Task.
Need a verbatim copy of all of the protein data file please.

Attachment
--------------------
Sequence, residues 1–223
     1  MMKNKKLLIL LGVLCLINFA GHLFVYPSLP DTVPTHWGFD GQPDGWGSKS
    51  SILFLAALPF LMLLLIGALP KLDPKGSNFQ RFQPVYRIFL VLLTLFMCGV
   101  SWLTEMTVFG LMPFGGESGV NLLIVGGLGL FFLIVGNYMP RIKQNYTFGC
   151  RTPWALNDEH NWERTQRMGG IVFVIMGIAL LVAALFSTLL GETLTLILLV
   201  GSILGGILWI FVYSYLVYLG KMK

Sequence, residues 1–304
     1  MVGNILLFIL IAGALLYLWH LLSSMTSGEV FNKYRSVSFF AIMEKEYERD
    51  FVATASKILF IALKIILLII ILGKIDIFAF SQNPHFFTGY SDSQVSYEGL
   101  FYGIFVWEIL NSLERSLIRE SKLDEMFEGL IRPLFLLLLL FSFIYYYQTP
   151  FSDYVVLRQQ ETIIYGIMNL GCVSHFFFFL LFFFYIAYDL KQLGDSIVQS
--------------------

Sequence, residues 1–223
     1  MMKNKKLLIL LGVLCLINFA GHLFVYPSLP DTVPTHWGFD GQPDGWGSKS
    51  SILFLAALPF LMLLLIGALP KLDPKGSNFQ RFQPVYRIFL VLLTLFMCGV
   101  SWLTEMTVFG LMPFGGESGV NLLIVGGLGL FFLIVGNYMP RIKQNYTFGC
   151  RTPWALNDEH NWERTQRMGG IVFVIMGIAL LVAALFSTLL GETLTLILLV
   201  GSILGGILWI FVYSYLVYLG KMK

Sequence, residues 1–304
     1  MVGNILLFIL IAGALLYLWH LLSSMTSGEV FNKYRSVSFF AIMEKEYERD
    51  FVATASKILF IALKIILLII ILGKIDIFAF SQNPHFFTGY SDSQVSYEGL
   101  FYGIFVWEIL NSLERSLIRE SKLDEMFEGL IRPLFLLLLL FSFIYYYQTP
   151  FSDYVVLRQQ ETIIYGIMNL GCVSHFFFFL LFFFYIAYDL KQLGDSIVQS